General Etiquette > All In A Day's Work

Door is closed, light is on... do you knock first?

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Like the previous posters, I would prefer that someone simply try the knob and walk away, rather than knocking and engaging in conversation.

 If I was going to enter a room to join someone I would knock, but in this case the fact the door is locked is all the information that the outside person needs.

I would.   Just to be on the safe side.  Our boys sometimes will leave the light on and close the door to the bathroom as they leave, which means it looks occupied.  I usually do a count of those able to use the bathroom and if we're all present and accounted for outside the lavatory, it must be empty.  Then we get after them for doing that. 

I think scolding other adults is a bit too much but...I don't think a note on the door politely requesting a knock or knob wiggle would be out of line.

My opinion is that any door that is closed should be knocked on first.

If it is a continuing problem in your office, perhaps you can get a little vacant/occupied sign to hang on the doorknob?  You could make one if you cannot find one at a store.  You can probably find brightly coloured paper and self-sticking laminate at the dollar store.  I'm sure others in the office would appreciate it - more than being lectured for sure.  :)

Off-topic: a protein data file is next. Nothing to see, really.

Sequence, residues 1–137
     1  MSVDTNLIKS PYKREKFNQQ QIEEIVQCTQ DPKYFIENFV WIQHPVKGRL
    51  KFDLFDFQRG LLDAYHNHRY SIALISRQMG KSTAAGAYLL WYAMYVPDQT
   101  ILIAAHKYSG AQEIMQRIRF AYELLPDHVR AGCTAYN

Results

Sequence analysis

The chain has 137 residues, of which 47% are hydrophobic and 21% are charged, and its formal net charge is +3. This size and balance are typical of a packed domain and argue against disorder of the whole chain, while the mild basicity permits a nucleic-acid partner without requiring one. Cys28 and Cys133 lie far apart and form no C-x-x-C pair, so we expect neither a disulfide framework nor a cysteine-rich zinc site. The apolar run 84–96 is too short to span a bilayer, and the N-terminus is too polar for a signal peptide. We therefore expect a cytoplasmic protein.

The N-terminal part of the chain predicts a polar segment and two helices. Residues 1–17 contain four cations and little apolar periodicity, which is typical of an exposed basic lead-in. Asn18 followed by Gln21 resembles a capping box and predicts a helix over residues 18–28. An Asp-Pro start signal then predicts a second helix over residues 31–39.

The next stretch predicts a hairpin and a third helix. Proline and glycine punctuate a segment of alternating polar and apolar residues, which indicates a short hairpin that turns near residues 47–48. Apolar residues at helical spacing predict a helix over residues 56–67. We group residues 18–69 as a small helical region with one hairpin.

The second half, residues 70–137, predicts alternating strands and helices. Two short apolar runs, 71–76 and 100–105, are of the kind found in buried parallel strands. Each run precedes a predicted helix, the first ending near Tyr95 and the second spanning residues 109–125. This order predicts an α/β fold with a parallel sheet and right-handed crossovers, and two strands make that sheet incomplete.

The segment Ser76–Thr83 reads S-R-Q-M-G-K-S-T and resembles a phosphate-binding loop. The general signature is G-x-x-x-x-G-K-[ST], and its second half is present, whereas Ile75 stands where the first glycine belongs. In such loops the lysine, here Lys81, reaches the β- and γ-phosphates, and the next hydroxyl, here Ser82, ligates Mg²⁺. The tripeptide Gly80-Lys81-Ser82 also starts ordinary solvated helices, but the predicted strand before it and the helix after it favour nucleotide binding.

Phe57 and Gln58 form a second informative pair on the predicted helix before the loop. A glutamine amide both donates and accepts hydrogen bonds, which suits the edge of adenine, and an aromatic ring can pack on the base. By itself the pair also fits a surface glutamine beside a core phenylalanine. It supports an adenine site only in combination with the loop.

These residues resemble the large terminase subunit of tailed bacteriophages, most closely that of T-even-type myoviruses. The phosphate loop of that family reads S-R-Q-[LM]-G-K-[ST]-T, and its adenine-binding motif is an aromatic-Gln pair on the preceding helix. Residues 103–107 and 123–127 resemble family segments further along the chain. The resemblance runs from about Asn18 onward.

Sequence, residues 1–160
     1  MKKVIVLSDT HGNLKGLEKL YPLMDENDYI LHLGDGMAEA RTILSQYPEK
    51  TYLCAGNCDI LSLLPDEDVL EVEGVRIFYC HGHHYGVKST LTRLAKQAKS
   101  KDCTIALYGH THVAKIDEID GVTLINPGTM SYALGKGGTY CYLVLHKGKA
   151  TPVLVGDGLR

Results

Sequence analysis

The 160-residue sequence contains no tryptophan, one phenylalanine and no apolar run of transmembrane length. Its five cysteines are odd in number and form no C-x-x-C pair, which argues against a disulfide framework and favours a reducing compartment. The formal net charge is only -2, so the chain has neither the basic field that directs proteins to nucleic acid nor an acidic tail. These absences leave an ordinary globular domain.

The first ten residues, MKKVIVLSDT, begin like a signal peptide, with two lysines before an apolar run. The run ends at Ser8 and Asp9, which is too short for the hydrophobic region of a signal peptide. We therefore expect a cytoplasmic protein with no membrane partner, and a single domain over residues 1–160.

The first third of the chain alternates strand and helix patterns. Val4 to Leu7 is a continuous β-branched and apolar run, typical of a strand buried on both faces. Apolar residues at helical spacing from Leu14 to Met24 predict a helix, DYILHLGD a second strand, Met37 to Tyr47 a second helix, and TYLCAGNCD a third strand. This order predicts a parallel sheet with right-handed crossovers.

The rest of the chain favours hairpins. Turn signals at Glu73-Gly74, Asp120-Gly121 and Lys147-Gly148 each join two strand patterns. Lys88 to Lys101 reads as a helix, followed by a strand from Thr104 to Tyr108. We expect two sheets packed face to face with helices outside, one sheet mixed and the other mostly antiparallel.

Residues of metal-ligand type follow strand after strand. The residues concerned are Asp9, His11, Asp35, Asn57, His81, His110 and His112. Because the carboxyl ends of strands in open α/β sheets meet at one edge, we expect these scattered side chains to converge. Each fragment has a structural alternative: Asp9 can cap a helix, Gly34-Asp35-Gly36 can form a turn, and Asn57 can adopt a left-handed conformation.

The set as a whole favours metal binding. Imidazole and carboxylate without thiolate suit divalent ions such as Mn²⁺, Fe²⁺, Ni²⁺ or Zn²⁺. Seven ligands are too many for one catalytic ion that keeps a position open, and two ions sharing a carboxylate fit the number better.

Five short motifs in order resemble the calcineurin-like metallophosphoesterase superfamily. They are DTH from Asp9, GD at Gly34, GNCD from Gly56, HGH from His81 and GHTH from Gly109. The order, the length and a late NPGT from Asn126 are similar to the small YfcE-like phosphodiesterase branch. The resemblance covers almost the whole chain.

For a restroom, just try the knob. I think it is more an invasion to have to talk. Also, ofttimes the light is connected to the fan, so the light should be left on. (Apparently that's not the case here, or you wouldn't be questioning why the light is on.)

The storeroom, don't knock.

A private  office, of course knock.

I always knock before trying to enter a bathroom. So I'm on the OP's side there. Light or no light, I knock, because sometimes people leave the light on when they leave.

And if someone wiggles the handle, I always call out, "Occupied!" so I don't see any difference between a knock and a handle turn. It has never occurred to me that I shouldn't say anything if someone tries the door.

I was in another office for a day last week. The closest bathroom was right off the working space and was a single stall. The staff hung a "Occupied/Vacant" sign on the door handle, mostly to stop the knocking as it could easily have been heard by everyone in the surrounding area. That many knocks a day would have been a disruption.

Of course, then you run into the person who changes the sign to "Occupied" but forgets to return it to "Vacant." And people think that the bathroom is occupied for hours.


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